Chicago: A United States police chief resigned on Friday amid an uproar over the death of an unarmed Australian woman who had called to report a possible sexual assault and was shot by a responding officer.
Minneapolis Police chief Janee Harteau had faced criticism over her handling of the killing of Justine Damond last Saturday night, which ignited an international outcry.
She did not appear before TV cameras until Thursday, saying she had been on vacation at a remote mountain location.
The Midwestern city's mayor Betsy Hodges said she asked for the chief's resignation on Friday and Harteau tendered it.
"I've lost confidence in the chief's ability to lead us further. And from the many conversations I've had with people around our city, especially this week, it is clear that she has lost the confidence of the people of Minneapolis as well," Hodges said in a statement.
In announcing her resignation, Harteau said she wanted to "let a fresh set of leadership eyes see what more can be done" to improve the police department.
Moments later the mayor announced her nomination of Assistant Police Chief Medaria Arradondo as Harteau's replacement. Arradondo has been the public face of the department during the crisis.
If the moves were meant to quell uproar in the city, they did not appear to work.
In an evening news conference the mayor held to speak further about the changes, an angry group of protesters interrupted the mayor within minutes of her taking the podium.
"We're not buying this," exclaimed one protester from the podium after the mayor left, having been shouted down by the crowd. "This is just a cosmetic change and we want institutional change."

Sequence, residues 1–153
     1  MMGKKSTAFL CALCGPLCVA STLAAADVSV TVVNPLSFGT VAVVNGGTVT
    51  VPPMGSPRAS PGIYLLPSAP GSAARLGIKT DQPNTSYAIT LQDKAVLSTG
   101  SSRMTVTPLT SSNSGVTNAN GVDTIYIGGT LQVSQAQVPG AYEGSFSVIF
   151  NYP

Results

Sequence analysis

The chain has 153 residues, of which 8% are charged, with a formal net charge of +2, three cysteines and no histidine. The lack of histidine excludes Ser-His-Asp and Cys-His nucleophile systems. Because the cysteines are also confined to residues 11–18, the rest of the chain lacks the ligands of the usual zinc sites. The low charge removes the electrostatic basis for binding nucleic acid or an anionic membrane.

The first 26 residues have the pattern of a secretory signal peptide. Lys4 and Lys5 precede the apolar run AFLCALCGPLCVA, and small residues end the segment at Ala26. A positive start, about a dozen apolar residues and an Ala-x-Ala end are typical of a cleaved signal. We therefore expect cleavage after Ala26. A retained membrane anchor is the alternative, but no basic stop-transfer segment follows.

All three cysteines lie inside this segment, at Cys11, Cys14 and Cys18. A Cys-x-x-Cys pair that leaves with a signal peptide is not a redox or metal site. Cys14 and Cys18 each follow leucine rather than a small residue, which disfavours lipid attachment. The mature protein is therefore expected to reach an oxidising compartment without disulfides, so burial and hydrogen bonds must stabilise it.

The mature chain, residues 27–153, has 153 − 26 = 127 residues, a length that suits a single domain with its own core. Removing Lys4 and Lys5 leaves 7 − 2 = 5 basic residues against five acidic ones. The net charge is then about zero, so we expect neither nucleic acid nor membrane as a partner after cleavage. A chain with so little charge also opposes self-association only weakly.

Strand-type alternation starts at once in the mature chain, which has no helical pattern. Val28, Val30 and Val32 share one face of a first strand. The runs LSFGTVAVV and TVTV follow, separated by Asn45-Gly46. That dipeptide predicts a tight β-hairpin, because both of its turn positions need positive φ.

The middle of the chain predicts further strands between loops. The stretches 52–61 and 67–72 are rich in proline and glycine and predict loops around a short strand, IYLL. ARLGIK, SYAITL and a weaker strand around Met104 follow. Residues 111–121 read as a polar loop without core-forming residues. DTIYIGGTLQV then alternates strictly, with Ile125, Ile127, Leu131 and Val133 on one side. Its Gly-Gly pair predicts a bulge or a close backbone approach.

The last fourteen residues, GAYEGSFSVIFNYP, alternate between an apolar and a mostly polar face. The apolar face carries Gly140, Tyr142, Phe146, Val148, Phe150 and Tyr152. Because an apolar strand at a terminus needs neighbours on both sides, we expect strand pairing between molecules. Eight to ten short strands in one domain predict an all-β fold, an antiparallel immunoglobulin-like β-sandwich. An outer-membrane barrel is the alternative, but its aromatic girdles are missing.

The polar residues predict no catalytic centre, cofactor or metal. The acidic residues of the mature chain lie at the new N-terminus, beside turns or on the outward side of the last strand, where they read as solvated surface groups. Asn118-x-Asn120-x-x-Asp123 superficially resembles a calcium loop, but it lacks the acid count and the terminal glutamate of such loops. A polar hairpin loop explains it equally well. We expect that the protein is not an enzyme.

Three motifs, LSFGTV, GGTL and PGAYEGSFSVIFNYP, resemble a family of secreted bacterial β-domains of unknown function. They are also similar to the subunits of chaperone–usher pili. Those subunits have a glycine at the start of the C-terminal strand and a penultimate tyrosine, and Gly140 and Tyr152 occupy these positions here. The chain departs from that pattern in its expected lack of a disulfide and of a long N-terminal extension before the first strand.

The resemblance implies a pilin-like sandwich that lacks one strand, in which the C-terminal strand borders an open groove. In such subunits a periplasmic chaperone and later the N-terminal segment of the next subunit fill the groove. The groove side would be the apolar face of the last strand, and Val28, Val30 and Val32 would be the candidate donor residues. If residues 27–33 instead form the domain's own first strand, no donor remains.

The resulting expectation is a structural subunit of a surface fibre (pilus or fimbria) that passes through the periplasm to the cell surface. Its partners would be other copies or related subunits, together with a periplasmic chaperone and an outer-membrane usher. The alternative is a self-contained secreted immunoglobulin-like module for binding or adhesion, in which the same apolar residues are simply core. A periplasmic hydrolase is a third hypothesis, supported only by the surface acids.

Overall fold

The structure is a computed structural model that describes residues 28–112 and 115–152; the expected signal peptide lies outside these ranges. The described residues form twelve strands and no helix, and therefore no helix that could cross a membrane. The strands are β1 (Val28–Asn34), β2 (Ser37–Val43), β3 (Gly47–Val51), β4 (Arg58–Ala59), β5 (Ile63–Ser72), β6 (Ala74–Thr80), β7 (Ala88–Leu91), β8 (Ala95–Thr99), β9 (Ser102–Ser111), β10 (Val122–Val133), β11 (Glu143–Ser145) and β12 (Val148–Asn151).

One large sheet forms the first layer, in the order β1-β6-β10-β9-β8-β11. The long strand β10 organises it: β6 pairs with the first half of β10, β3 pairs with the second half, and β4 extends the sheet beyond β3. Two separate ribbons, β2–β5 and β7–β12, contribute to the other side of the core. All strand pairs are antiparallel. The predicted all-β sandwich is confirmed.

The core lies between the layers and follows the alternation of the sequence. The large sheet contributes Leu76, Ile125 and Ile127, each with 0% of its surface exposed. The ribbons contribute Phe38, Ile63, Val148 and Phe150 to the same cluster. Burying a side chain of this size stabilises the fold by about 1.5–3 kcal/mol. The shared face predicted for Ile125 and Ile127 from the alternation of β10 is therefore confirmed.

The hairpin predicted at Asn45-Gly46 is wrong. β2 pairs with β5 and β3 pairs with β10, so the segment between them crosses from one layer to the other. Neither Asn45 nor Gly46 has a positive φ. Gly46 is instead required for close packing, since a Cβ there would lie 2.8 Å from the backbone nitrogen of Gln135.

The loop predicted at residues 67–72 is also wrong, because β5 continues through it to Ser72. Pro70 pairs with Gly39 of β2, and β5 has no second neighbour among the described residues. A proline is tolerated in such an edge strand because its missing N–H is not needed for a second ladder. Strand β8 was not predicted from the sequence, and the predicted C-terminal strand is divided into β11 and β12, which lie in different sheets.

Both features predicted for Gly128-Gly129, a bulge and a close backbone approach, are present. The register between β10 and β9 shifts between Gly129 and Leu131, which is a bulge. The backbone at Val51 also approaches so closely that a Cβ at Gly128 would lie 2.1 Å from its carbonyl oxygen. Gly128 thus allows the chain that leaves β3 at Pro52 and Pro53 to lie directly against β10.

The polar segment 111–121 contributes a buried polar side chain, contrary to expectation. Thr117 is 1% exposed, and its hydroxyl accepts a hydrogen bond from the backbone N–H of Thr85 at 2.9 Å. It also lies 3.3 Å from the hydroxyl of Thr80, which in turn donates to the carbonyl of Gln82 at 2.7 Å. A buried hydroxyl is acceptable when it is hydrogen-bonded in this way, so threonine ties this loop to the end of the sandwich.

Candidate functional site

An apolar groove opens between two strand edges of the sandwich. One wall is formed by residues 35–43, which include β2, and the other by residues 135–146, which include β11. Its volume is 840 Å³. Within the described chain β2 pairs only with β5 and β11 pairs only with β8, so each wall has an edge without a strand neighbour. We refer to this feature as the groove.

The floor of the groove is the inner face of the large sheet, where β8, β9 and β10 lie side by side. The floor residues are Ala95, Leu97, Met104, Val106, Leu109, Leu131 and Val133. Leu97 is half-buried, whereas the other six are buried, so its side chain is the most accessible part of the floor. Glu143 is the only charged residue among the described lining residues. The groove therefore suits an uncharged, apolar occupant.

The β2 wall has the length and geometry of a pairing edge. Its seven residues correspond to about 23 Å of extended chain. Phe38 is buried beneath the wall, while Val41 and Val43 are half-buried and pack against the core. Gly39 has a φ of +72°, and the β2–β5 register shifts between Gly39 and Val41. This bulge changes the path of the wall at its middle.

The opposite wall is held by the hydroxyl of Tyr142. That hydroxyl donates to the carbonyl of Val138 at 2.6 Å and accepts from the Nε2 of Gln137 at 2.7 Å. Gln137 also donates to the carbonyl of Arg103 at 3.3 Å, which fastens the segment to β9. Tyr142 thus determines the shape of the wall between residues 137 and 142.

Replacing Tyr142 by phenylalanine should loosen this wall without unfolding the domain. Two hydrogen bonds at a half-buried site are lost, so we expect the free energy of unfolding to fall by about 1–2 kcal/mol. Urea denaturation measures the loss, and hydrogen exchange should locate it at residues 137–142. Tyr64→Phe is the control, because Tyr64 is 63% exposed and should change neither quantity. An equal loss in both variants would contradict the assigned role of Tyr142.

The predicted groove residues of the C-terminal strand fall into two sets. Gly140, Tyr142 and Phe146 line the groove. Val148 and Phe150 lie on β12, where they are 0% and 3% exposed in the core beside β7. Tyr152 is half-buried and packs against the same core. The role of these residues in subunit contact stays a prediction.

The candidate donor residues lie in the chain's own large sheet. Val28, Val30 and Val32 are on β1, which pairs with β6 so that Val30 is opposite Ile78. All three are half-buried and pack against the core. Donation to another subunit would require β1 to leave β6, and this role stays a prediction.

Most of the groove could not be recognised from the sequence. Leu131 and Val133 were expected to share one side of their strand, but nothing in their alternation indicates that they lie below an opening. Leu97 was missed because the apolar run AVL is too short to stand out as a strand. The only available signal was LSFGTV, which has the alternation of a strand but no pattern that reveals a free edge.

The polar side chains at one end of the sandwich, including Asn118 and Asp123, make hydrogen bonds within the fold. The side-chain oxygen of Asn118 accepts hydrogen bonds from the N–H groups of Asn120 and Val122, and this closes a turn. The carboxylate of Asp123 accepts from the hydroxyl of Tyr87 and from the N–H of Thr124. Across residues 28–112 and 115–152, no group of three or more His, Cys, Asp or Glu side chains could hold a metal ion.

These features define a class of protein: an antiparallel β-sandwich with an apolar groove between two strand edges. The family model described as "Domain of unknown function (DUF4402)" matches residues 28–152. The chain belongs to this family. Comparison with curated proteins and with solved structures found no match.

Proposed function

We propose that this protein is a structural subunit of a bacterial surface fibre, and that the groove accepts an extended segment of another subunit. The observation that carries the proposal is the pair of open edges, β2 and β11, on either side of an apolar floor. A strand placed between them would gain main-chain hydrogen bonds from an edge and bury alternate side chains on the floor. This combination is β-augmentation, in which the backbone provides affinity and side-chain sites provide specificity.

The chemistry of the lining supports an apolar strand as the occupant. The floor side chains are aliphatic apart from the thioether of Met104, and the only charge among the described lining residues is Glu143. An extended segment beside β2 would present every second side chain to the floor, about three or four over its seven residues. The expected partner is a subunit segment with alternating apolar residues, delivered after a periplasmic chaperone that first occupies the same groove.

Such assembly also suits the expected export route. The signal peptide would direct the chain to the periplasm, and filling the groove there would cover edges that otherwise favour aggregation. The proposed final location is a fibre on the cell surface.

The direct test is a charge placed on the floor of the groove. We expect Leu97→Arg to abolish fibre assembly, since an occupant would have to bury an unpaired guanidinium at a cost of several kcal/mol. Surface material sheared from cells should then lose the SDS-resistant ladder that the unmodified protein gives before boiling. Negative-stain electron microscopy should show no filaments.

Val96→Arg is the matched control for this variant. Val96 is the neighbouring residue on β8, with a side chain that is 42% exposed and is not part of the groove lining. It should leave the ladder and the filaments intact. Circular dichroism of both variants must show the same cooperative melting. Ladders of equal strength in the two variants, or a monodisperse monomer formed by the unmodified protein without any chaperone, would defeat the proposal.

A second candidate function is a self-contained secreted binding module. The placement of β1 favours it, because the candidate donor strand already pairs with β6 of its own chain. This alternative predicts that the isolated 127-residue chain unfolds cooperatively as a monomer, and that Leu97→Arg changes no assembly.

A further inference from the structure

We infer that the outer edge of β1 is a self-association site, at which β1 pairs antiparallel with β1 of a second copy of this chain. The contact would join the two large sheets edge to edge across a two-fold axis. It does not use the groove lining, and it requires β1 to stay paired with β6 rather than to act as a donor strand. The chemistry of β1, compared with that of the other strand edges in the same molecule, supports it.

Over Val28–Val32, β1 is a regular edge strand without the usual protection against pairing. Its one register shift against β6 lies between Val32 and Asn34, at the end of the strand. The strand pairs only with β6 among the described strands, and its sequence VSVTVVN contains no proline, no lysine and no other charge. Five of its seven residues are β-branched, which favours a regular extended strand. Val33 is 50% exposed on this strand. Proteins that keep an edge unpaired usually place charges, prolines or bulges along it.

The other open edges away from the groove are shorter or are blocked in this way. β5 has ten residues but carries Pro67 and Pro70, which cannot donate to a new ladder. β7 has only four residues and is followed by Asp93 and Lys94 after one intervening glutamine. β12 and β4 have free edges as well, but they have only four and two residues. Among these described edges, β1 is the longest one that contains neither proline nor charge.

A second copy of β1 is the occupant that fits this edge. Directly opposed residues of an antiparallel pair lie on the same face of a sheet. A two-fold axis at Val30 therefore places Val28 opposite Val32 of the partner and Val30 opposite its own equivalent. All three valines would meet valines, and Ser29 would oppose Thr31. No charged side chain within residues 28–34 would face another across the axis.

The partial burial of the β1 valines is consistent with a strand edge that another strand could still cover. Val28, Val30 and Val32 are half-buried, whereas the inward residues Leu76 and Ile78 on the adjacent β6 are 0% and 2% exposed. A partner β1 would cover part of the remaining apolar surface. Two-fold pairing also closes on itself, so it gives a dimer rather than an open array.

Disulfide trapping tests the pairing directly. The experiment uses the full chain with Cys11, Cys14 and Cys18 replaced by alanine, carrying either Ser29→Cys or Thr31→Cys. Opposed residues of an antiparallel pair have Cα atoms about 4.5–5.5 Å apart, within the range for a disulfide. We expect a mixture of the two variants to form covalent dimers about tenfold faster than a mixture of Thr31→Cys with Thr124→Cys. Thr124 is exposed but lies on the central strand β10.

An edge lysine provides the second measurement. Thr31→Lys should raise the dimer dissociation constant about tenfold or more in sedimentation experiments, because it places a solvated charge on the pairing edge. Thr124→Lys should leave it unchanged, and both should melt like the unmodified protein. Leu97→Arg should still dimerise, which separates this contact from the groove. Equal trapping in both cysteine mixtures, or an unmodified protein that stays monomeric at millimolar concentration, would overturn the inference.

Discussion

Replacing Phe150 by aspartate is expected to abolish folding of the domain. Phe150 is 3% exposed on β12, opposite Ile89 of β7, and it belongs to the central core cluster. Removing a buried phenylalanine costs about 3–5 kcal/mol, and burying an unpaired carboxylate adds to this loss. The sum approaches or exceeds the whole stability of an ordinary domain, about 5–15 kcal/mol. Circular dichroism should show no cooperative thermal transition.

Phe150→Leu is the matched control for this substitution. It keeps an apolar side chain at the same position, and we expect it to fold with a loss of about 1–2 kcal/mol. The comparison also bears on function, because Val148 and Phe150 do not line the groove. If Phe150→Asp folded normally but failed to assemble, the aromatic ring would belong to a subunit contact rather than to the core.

The protesters were particularly angry about the lack of body camera footage of the shooting, and complained of a lack of police accountability.
"We don't want you as the mayor of Minneapolis anymore," another protester said. "You're ineffective as a leader."
There were street protests for a second day in a row on Friday, this time in downtown Minneapolis, following a march Thursday night on the streets of Damond's neighborhood to the south of downtown.
Damond, a 40-year-old meditation teacher and life coach, called police Saturday night after hearing noises she feared might have been those of someone getting raped.
Responding officer Matthew Harrity had been startled by a loud noise just before Damond approached the police car he was driving, prompting his partner Mohamed Noor to fire the fatal shot, authorities said.
The state's Bureau of Criminal Affairs (BCA), the agency investigating the shooting, said on Friday that Noor continued to refuse an interview with authorities. But investigators located and interviewed a witness they had been seeking, the BCA said.
The witness had been bicycling near the scene of the shooting and had stopped to watch officers provide first aid. The BCA did not disclose what the witness told investigators.
Published Date: Jul 22, 2017 12:09 PM | Updated Date: Jul 22, 2017 12:09 PM